I’ve gone through many changes in my relationship to the ashes that mark our foreheads at the beginning of Lent.

When I was little, they brought me the distraction that the extraordinary always brings to children. You got to go up the aisle with adults and got a black mark on your forehead and returned to your pew caught up in the feeling that something peculiar had happened to you.

You didn’t understand it, but it felt special. Then you could stare at everyone in church and go home and examine yourself in a mirror. I was always slow to wash them off.

In my early teen years, fighting inside of myself to integrate the fact that several young people around me had died, the idea of getting ashes put on my forehead, complete with the formula— “Remember, dust thou art, and into dust thou shalt return!”—both frightened and repulsed me. It reminded me too much of death.

During those years, I was most quick to wash them off after leaving church.

As a young seminarian, going through the years of first fervor within religious life, the ashes of Lent took on deep meaning. They reminded me of the young and saintly deaths of Therese of Lisieux and Gabriel the Passionist—and they reminded me that here we “mourn and weep in this valley of tears” and that it is best not to put all of our stock in this world. Again, I was slow to wash the ashes off.

Later, as a post-Vatican II seminarian and a young priest, I went through a phase where, again, I thought the whole practice of receiving ashes (and especially the formula about dust and death) was morbid. I guess the rest of the church felt at least a bit the same because the church changed the formula and made the bit about returning to dust optional.

What the church should have been emphasizing, I felt then, was not death and sin, but resurrection and love. Those years I didn’t even wait until Mass was over before pulling a handkerchief from my pocket and wiping the ashes away.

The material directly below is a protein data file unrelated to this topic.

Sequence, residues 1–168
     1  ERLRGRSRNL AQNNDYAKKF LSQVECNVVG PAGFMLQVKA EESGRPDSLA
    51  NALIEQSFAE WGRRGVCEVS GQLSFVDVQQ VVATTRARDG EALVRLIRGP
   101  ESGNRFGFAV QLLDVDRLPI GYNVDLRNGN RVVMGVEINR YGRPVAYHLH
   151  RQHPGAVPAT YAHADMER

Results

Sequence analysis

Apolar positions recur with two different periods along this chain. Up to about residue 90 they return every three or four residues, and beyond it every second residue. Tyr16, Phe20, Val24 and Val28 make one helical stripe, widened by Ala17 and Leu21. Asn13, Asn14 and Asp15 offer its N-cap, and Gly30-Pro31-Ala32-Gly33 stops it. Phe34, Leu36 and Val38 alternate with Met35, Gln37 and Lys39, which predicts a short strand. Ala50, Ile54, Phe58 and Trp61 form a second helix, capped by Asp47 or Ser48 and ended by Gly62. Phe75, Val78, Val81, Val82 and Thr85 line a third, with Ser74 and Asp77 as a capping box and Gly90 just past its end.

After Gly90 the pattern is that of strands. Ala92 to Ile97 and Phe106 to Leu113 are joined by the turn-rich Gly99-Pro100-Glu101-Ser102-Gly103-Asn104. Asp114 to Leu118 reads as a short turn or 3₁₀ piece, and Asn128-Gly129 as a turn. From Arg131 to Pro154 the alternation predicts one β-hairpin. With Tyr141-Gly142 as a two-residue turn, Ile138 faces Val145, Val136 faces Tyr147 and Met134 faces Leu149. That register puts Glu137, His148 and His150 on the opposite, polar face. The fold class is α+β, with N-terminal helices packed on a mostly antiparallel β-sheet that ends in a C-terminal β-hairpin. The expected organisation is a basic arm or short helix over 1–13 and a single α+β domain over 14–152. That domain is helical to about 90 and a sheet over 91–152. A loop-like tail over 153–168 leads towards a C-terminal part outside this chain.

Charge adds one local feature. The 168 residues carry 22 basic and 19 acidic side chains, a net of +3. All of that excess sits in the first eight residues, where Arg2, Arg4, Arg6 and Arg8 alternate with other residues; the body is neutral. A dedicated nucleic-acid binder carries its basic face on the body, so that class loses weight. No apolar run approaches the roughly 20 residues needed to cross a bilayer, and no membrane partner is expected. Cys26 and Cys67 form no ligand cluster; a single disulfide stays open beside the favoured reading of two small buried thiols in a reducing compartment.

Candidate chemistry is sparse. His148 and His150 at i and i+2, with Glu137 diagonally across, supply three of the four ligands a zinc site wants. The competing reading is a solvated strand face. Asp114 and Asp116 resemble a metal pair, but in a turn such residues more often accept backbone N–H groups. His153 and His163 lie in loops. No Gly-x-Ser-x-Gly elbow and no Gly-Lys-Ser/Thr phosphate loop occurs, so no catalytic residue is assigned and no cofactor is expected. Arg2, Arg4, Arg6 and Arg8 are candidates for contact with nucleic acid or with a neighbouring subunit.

Several years ago, for many reasons, a connection formed in my mind between those ashes and call to social justice. The ashes symbolized the burnt and crumpled lives of the poor. Again, I wore ashes with pride and was slow to wash them off.

This past Ash Wednesday, I felt altogether different about ashes. They symbolized, for me, so much of my own life that has been burned and reduced to ashes—certain dreams, a naïve innocence, youth, a sense of power over my life, a sense of my own goodness and moral adequacy.

Feeling more than a little dislocated and inadequate, I took the ashes and was in no particular hurry to wash them off—nor was I thrilled by leaving them on. After all those years and all those changes, this year, for the first time, I felt like I was sitting in the ashes.

When I look at all of this, I see that through these years the ashes have been very patient with me! They’ve challenged me and have, like God himself, been most accepting of my reaction.

I see too that, irrespective of how I felt about them, I needed them and the reaction they caused in me spoke loudly of what demons I was meant to meet in each particular Lent. This year, it seems, they want me to sit myself among them. What does it mean “to sit in the ashes”?

In some Indian tribes they used to live in communal longhouses. In the centre of these longhouses the roof opened to the sky and the fires that were used for heating, cooking and light were lit under that opening.

Sometimes a certain tribe member would be going through some phase in his or her life and would, for a period of time, long or short, sleep (not in the beds) but at the edge of the fire, in the ashes. During this time, he or she wouldn’t wash or do his or her regular work.

It was understood that they needed to be “in the ashes,” that some dislocation had rendered them powerless to go on with business as usual and that some silent inner work was going on inside of them. Always, after some time, they would one day wash off the ashes and return to regular life (and a regular bed)… usually full of a new energy and power.

The ashes of Lent can be those kind of ashes for us. They invite us, among many other things, to leave our regular beds and tables to sleep and sit patiently for a while in the ashes at the edges of the fire so that some silent, inner, gestation process can teach us what it means that we are dust and that we are invited to turn from sin to the Gospel.